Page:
nce, Sven Krieter didn’t really know what to make of Formula 1®. The past 10 years, however, have been spent at the sharp end of grand prix action in his role as protector-inchief of drivers’ craniums. He ensures they can (literally) keep a cool head and continue to see clearly even when the weather isn’t playing along. Today, Krieter is busy applying a rubber lip to the edge of a black helmet, turning it constantly, wiping away excess adhesive and pressing the elastic material firmly with three fingers as he explains the technology behind it. Welcome to the headgear specialist’s workplace in the German city of Magdeburg. The finished item will protect the head of Nico Rosberg in his next race for the Mercedes AMG Petronas Team. Helmet manufacturer Schuberth supplies five Formula 1® drivers, and Krieter is one of the company’s key figures, the face of the long-established helmet-maker’s motorracing activities. The 40-year-old travels with the Formula 1® circus to all the races and testing dates on the calendar, which means he racks up more than a quarter of a million kilometres in the air every year, and he wouldn’t want to be doing anything else. Krieter, who trained as a heating and ventilation system fitter, hesitated before taking up the F1® job, such was the initially overawing nature of the assignment. However, after sleeping on it and taking an intensive English language course, he accepted the offer. “My first race was Silverstone in 2005. I’d never flown anywhere before,” he recalls, “let alone somewhere as hectic as Heathrow. Then there was driving on the left-hand side of the road without a navigation system. It was tough.” Thinking back to those early days makes him smile.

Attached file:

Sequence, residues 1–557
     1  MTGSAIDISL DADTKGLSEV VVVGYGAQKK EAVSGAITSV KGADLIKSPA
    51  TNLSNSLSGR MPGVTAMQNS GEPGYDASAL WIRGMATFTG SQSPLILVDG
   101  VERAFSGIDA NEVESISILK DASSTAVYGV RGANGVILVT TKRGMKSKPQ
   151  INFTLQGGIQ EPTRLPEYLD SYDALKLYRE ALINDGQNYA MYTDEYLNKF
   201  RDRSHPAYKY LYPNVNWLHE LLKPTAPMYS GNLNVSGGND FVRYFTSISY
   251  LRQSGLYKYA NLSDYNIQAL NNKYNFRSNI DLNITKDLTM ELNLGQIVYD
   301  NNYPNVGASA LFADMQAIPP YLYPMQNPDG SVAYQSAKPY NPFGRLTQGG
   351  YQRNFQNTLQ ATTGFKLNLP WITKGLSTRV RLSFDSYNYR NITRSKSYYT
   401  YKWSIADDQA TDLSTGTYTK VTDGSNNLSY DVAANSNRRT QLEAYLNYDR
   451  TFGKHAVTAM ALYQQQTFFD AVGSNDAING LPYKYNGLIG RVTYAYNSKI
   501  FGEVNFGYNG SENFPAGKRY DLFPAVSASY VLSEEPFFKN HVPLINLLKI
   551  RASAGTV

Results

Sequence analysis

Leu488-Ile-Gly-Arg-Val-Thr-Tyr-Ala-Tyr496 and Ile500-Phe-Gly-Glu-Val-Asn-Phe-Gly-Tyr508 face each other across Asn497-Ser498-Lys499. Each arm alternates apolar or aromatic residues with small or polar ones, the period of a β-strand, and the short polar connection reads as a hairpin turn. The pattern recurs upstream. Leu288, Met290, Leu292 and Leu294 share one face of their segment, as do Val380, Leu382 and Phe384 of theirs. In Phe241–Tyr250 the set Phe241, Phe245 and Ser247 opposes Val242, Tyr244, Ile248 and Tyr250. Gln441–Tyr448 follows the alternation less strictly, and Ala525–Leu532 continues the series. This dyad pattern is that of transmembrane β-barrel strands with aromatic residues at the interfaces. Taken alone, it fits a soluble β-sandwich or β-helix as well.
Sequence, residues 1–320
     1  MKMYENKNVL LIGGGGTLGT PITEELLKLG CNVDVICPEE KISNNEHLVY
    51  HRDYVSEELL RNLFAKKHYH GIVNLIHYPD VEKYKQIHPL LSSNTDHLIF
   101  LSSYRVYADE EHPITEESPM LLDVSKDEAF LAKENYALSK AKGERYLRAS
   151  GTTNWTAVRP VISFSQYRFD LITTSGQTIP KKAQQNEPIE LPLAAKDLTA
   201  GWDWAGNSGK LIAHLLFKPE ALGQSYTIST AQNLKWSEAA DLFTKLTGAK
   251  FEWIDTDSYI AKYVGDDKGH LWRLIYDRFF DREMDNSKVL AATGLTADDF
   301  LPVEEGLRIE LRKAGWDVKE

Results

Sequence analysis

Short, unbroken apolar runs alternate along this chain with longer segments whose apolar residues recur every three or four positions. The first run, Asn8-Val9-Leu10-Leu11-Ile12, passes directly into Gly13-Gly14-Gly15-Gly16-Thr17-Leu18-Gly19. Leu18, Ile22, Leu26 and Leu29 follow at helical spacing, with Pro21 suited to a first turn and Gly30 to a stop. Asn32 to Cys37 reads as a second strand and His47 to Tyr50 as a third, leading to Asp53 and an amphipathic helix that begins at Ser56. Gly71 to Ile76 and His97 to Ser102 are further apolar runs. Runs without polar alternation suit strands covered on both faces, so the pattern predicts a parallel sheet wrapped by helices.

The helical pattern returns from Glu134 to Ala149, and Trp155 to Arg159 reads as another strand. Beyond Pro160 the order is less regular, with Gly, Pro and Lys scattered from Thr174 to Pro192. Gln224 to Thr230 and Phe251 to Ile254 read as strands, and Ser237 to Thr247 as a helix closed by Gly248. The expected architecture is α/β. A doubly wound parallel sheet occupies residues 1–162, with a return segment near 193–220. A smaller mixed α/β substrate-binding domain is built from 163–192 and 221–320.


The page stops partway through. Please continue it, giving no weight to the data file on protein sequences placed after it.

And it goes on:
Each year, Krieter and his three colleagues make 80 helmets for F1® drivers, plus 20 for the DTM touring car series and about 150 for general sale. Amateur drivers may buy an SF1, Schuberth’s racing helmet, for €5000 (A$7630). A small workshop has been set up especially for making helmets in part of the state-of-the-art Schuberth factory. Here, Krieter and his team work on the helmets with the help of special tools, measuring instruments and high-end adhesives. It’s a fine example of the
The drivers have to feel good. We try out different variants of the helmet until everything is right. SVEN KRIETER
role still played by exclusive craftsmanship in the high-tech business of Formula 1®. The helmet shell is prefabricated from 19 layers of carbon fibre using a type of pressure oven called an autoclave. The individual layers are laid one on top of the other, placed in a vacuum and baked in the autoclave at up to six bar of pressure at 170–200°C. The monocoque safety cells of F1® cars are manufactured using the same method. Due to its ability to maximise material strength, this ultra-sophisticated procedure is also applied in the aerospace industry. Nico Rosberg uses the middle of the three helmet shell sizes produced. Krieter and his team are handed the hardened and painted helmet shells for the finishing stage. The sponsors’ logos and Rosberg’s personal designs are applied by airbrush before the team turns the shells into finished helmets. The shell protects against fire (the helmet has to withstand temperatures up to 740°C) and fragmentation, but without the right shock absorption that would mean nothing.
24 Mercedes-Benz magazine
3/02/16 1:56 PM
Mercedes-Benz magazine Issue 1, 2016